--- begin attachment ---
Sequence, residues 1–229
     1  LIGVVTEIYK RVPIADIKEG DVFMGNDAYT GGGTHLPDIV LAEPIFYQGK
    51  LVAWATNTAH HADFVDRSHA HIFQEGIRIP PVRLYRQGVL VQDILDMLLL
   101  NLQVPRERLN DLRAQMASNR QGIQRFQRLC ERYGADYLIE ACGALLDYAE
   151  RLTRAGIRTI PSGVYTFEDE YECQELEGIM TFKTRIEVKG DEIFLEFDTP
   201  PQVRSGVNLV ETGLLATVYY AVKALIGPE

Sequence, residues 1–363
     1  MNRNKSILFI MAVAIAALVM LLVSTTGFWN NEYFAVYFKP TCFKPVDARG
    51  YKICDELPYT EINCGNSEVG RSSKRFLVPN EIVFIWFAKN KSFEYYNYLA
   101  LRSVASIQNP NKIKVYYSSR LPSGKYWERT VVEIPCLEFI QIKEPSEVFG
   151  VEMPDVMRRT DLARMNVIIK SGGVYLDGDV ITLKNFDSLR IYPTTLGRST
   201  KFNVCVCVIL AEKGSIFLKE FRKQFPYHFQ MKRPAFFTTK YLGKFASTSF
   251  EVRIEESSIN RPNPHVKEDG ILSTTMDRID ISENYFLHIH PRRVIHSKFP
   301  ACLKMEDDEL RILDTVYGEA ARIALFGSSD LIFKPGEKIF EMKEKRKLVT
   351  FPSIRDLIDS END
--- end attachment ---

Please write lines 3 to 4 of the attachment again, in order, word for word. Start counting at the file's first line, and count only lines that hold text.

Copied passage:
    51  LVAWATNTAH HADFVDRSHA HIFQEGIRIP PVRLYRQGVL VQDILDMLLL
   101  NLQVPRERLN DLRAQMASNR QGIQRFQRLC ERYGADYLIE ACGALLDYAE